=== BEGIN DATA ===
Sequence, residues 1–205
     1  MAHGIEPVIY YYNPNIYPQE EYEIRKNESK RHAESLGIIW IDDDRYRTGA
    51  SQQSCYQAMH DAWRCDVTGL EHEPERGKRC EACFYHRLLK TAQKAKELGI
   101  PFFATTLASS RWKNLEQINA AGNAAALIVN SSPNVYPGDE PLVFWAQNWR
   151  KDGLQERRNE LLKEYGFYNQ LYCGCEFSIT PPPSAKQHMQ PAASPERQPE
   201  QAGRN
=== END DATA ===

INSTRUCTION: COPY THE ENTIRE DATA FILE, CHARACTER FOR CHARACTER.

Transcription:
Sequence, residues 1–205
     1  MAHGIEPVIY YYNPNIYPQE EYEIRKNESK RHAESLGIIW IDDDRYRTGA
    51  SQQSCYQAMH DAWRCDVTGL EHEPERGKRC EACFYHRLLK TAQKAKELGI
   101  PFFATTLASS RWKNLEQINA AGNAAALIVN SSPNVYPGDE PLVFWAQNWR
   151  KDGLQERRNE LLKEYGFYNQ LYCGCEFSIT PPPSAKQHMQ PAASPERQPE
   201  QAGRN